In my work at Vulcan, I worked on several projects where we leverage new technology for species conservation. Two particular examples of this are our anti- poaching and combating illegal fishing efforts.
In both of these projects, we work with organizations that are often underfunded and understaffed. They usually have the daunting tasks of patrolling and monitoring large areas of responsibility with minimal resources.
There was a desire from our founder to see how we could use new technology, such as drones, satellites and machine learning, to aid these underfunded and understaffed organizations in their conservation and enforcement tasks.
One of the initiatives that came out of this was to use drones equipped with cameras to do surveillance in wildlife parks. Drones would fly and stream pictures and videos so that anti-poaching units could locate poachers, and signs of poaching activities.
In order to create a user experience strategy I needed to understand the following:
Anti-poaching units would have to sit through drone flights for hours of streaming video looking for signs of poaching. Glued to a monitor, they would have little time for anything else. After a while fatigue would creep in and their ability to concentrate would wain fast, reducing the chance of discovering signs of poaching.
To combat user fatigue, we used object detection through our neural network so that we could classify objects in videos (and also still images) as animal, human or vehicle. These detections would then be communicated in real time to the users so that they would be able to multitask without the fear of missing detections.
Working with the Machine learning team and the software developers, I facilitated for designing the best user experience to flag and signal anomalies on screen.
We found that to be able to convey the intel to the organizations, there were three crucial things that dominated the User Experience.
1. Help the user
Through user research, I observed first hand the operator’s fatigue that would lead to missed detections. So we needed the user to pay attention when it was really necessary by flagging potential anomalies in the landscape.
2. Reduce the noise
Our neural network classification worked fine as long as we didn’t ask it to be too granular, it could classify anomalies with a pretty good success rate but it couldn’t distinguish cows from elephants. In our effort to aid the user, the last thing we wanted to do is to replace user fatigue with annoyance over false detections. How could we reduce the noise from alerts and notifications caused by wrong or duplicate sightings from different frames?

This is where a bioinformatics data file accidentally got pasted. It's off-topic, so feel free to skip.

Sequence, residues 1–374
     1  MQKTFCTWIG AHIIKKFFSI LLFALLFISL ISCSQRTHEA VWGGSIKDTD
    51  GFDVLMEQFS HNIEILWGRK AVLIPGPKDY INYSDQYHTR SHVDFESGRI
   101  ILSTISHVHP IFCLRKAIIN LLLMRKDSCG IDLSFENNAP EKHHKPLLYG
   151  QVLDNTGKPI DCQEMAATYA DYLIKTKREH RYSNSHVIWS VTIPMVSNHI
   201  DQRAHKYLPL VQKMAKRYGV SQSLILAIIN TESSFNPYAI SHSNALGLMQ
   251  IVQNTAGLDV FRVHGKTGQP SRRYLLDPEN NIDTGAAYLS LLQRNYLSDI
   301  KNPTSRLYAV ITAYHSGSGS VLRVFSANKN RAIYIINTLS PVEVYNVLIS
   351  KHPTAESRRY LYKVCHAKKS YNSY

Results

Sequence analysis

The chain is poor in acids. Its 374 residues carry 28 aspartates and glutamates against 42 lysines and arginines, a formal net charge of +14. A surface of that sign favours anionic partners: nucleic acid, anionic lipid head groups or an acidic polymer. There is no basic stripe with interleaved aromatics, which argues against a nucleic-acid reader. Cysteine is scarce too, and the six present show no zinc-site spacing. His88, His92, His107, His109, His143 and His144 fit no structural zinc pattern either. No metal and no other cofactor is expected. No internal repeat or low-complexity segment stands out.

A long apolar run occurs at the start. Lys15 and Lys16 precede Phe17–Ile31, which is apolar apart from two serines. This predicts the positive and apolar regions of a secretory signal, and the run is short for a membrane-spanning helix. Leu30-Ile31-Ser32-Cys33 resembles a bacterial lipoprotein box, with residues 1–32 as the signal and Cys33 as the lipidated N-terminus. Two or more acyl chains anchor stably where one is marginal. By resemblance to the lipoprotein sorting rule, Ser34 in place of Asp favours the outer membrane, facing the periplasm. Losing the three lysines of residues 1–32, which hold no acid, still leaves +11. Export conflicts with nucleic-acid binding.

3. Build trust with the user – be transparent
As accuracy of our detections wasn’t anywhere close to being acceptable, we needed a way of gradually introducing the user to our ML system’s output. We needed to be just granular enough to stay trustworthy without shooting ourselves in the foot through over-promising. Setting the user expectation was crucial for building trust.
The intention of helping the user to pay attention when necessary became one of the focus points of the user experience. The end goal was to have a system with less than 10% false detections that would pro-actively alert the user when something was detected. In order to achieve that kind of impact, the engineers really needed to concentrate on making the mental model perform better. So working backwards, I developed a roadmap of implementation of Machine Learning features based on the current limitations and the expanding future capabilities.
First of all, to reduce noise, I proposed to aggregate detections based on a grid system. This would generate only one alert for a given grid, and eliminate noise from multiple detections in the same location.
The grid would be visible to the user, so they could use the grid to communicate a location from the command center to the rangers in the field. Eg. They could instruct a patrol to go to G17 without having to communicate coordinates, addressing another pain point I discovered during the user research in the field.
To build trust with the user, the strategy of the user experience was to simply detect if there was “something” in the frame of the feed that did not belong there. The neural network was able to do this with a high percentage of accuracy.
The second phase would be implemented a s soon as the system was able to tell the user with great accuracy if the “something” in the frame was an animal/person or an object (think: vehicle).
The concurrent phases on the user experience roadmap would be marked by granular improvements of the neural network classification capabilities.
Please note that I can not share artifacts as this time, as I am still under NDA. However, I’ll be more than happy to talk through designs in a more personal setting.